CCC Article #1999: The grace of Christ is the gratuitous gift that God makes to us of his own life, infused by the Holy Spirit into our soul to heal it of sin and to sanctify it. It is the sanctifying or deifying grace received in Baptism. It is in us the source of the work of sanctification: Therefore if any one is in Christ, he is a new creation; the old has passed away, behold, the new has come. All this is from God, who through Christ reconciled us to himself.
CCC Article #1988: Through the power of the Holy Spirit we take part in Christ’s Passion by dying to sin, and in his Resurrection by being born to a new life; we are members of his Body which is the Church, branches grafted onto the vine which is himself: [God] gave himself to us through his Spirit. By the participation of the Spirit, we become communicants in the divine nature. . . . For this reason, those in whom the Spirit dwells are divinized.
As you can see, theosis or deification is not merely an Eastern construct. Rather, both the Eastern Orthodox Church and the Roman Catholic Church have historically taught this doctrine from as early as 200 AD to the present. This, of course, leaves us with a rather significant question. At the time of the Protestant Reformation, when Luther initiated the split from Rome, the issues largely centered around the abuse of the papacy and the issue of justification. Put simply, Rome was teaching that salvation is contingent upon both justification and sanctification, while the Protestants wanted to put the entire burden of salvation upon the act of justification alone? The issue here is that Protestants have always maintained that they were the true heirs to the apostolic teachings, while Rome had been the one to go astray. But when you examine the subject of theosis or deification, which is intimately tied to salvation, justification, and sanctification, it would appear that many Protestants are making a break with all branches of the historical Church. And the question that must be answered is this: if both the East and the West have taught theosis and deification for 2000 years, are we to believe that only in the last 500 years have Christians properly understood salvation? And if so, what does this mean about the clarity of Scripture? And what does it mean about the giftedness of the pastors and theologians that were working prior to the Reformation?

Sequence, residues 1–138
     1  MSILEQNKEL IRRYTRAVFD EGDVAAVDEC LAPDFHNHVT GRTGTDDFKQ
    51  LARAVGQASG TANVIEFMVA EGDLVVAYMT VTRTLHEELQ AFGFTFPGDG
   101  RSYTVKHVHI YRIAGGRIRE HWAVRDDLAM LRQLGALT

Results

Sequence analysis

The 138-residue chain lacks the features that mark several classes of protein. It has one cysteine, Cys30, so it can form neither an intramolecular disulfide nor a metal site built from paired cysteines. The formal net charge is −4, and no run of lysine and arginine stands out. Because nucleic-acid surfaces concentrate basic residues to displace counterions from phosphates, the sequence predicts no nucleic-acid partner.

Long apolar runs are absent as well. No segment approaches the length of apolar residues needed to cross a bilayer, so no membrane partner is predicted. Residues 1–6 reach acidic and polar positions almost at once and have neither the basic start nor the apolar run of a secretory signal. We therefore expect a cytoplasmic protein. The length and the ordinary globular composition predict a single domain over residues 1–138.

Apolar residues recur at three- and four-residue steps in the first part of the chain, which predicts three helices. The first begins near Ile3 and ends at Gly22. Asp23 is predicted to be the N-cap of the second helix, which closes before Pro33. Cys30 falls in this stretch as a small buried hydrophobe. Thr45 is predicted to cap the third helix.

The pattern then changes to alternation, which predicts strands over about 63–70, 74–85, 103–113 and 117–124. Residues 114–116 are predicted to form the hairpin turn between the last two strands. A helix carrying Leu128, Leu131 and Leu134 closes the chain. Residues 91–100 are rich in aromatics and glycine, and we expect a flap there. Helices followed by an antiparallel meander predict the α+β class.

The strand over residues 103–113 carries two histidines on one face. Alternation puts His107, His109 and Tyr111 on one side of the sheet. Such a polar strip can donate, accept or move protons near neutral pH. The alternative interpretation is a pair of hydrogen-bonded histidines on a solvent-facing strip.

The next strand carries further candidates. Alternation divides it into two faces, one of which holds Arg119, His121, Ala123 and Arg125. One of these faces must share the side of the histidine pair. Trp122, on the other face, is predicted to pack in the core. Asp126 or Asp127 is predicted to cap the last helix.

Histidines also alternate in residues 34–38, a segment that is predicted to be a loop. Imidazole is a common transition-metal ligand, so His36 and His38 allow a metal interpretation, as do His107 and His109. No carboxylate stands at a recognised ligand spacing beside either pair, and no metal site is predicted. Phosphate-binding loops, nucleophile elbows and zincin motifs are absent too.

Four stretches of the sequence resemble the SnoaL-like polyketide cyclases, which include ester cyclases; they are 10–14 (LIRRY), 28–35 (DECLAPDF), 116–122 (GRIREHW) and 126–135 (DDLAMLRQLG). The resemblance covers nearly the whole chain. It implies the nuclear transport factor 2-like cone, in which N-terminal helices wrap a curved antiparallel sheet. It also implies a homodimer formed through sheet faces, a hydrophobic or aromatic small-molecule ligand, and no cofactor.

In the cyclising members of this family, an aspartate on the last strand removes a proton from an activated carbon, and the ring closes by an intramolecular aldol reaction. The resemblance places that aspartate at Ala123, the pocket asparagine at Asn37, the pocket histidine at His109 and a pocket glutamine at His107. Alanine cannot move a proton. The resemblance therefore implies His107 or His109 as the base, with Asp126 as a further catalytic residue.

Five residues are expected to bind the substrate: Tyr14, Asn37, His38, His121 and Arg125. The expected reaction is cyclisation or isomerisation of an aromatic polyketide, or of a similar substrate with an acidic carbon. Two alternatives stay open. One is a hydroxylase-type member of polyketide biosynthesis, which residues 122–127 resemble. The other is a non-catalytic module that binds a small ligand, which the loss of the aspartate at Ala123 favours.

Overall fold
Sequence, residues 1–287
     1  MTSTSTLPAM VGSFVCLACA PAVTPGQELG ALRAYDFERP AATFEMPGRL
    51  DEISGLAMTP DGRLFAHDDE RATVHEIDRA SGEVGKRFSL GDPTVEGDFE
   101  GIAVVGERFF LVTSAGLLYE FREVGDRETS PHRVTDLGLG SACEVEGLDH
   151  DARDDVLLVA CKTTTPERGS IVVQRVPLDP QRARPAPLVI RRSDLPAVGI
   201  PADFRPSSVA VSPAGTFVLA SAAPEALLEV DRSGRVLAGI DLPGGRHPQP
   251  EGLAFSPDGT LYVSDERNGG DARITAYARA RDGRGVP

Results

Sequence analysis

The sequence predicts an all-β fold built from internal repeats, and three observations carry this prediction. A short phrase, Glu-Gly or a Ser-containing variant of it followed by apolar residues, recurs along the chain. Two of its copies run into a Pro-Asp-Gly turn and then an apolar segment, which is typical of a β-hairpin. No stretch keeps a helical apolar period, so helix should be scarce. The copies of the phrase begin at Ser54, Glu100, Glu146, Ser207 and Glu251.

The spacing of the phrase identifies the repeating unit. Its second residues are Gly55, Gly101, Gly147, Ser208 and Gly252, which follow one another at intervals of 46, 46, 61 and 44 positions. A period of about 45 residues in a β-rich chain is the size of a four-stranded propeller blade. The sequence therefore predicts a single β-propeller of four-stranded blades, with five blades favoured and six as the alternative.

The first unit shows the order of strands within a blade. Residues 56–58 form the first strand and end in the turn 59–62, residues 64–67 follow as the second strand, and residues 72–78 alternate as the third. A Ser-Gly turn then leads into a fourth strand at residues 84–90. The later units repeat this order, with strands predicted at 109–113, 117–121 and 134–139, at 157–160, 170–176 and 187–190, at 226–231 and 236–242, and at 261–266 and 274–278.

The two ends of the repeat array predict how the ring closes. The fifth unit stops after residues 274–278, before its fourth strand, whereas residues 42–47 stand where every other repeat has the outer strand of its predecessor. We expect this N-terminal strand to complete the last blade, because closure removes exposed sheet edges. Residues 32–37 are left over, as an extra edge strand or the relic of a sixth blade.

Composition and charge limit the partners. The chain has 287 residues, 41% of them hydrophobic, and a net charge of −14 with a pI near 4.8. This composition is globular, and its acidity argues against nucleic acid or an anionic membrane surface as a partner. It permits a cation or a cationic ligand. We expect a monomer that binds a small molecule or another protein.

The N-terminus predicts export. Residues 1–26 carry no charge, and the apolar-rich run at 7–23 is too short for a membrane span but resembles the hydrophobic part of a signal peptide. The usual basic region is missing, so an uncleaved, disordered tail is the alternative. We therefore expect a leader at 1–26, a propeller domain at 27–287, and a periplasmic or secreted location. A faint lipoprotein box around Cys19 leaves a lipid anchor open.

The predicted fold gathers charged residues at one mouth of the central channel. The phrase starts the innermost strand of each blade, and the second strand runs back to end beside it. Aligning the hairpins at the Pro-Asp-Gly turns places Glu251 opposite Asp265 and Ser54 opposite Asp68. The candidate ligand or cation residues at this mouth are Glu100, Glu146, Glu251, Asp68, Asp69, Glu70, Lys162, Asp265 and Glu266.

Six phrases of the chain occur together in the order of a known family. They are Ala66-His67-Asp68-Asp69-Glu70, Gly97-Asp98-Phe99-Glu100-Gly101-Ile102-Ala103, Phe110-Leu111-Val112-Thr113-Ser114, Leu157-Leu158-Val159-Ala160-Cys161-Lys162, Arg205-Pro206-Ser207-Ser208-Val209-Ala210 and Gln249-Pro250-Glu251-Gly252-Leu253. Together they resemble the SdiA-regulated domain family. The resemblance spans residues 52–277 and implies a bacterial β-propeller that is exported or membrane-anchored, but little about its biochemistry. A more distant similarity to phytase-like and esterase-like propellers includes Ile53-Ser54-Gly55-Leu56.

In 1999, A. N. Williams released The Ground of Union: Deification in Aquinas and Palamas. This book attempts to find common ground between the East and the West through their shared belief in the doctrine of theosis and/or deification.
 An online version of the Catechism of the Catholic Church can be found at: http://www.vatican.va/archive/ccc_css/archive/catechism/index/g.htm